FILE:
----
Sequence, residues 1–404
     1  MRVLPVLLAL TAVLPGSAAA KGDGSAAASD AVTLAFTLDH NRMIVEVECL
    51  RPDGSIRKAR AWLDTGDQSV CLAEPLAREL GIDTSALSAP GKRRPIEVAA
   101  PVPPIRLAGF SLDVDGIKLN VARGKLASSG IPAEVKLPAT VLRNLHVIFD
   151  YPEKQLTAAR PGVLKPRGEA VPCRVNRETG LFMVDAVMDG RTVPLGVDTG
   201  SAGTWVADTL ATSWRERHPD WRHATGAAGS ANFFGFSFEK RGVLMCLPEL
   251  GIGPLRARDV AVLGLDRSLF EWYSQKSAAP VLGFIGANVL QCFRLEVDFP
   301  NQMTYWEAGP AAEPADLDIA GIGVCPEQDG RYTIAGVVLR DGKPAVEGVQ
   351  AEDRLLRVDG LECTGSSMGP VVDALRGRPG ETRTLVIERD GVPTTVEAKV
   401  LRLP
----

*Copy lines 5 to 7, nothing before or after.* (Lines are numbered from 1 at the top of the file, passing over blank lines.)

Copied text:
   151  YPEKQLTAAR PGVLKPRGEA VPCRVNRETG LFMVDAVMDG RTVPLGVDTG
   201  SAGTWVADTL ATSWRERHPD WRHATGAAGS ANFFGFSFEK RGVLMCLPEL
   251  GIGPLRARDV AVLGLDRSLF EWYSQKSAAP VLGFIGANVL QCFRLEVDFP